Suspected patients who tested negative for EVD but had another serious illness (such as appendicitis or life-threatening complications of HIV) could immediately access further inpatient or outpatient care within the same facility. Our experience was that the EHUs were safe for staff and patients, provided reliable diagnoses and initiated early bundles of care covering a variety of likely pathologies (P Arkel, D Youkee, CS Brown, et al. Quantifying the risk of nosocomial infection within Ebola Holding Units: a retrospective cohort study of negative patients discharged from five Ebola Holding Units in Western Area, Sierra Leone. Paper submitted to Tropical Medicine & International Health; March 2016).
The EHU model has system-wide benefits. Using existing facilities meant that EHUs could be deployed early in the outbreak, and rapidly constructed.20 Start-up times were rapid due to the benefits of utilising existing logistics, waste management facilities and staffing schedules. It was much less expensive to adapt existing structures than to build new sites. Together these reduced resourcing requirements, such as capital expenditure or international or national health workers, which freed up resources to be deployed elsewhere. The use of existing supply chain and other government systems reduced the need for parallel structures that were expensive and challenging to establish, and risked undermining local long-term systems. Leadership of the EHUs by the MOHS and local HCWs could be maintained, thereby building up local institutional capacity and helping to ensure local ownership and community acceptance. Integration within the MOHS allows the EHUs to coordinate effectively with other aspects of outbreak response, thus strengthening the health system alongside the EVD response.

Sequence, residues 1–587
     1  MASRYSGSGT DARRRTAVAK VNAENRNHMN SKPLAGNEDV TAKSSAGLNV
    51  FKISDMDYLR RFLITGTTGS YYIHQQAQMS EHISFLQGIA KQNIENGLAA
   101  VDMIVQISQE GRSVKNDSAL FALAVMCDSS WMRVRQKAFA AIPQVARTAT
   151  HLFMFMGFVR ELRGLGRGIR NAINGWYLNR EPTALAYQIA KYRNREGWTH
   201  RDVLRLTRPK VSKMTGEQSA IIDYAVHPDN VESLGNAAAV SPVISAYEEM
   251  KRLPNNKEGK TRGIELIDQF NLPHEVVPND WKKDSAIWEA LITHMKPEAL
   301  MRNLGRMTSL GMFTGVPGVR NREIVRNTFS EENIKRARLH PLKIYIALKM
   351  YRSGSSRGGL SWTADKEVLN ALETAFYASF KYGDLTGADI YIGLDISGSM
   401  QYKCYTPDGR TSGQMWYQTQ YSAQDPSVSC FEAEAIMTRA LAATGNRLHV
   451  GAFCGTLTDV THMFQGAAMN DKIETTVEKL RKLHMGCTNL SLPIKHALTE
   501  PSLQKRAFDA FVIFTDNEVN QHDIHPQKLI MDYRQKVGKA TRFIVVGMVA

EHUs also demonstrated flexibility and could be adapted as the epidemic grew and receded. In EVD endemic countries, such as Uganda and the Democratic Republic of the Congo, sporadic re-emergence is an ongoing concern. Capacity must remain to isolate, test and treat EVD: this must be responsive, scalable and adaptive to local epidemiology. The EHU model works well within a resilience framework.13 These can be diverse; in Freetown, they were located at primary and secondary care facilities as well as specialist centres for obstetrics, paediatrics and psychiatry. They can be multifunctional and adaptive, allowing for the isolation and screening of other potential outbreaks such as cholera, Marburg or Lassa fever; it might not be feasible to manage diseases transmitted through the airborne route, such as Middle East Respiratory syndrome (MERS), as different infection control methods are required. They can easily be reactivated to enable EVD care with trained, on-site staff if and when the need should arise. The hub and spoke model, using Connaught as a base, allowed for resilience and staff support and training from a central site.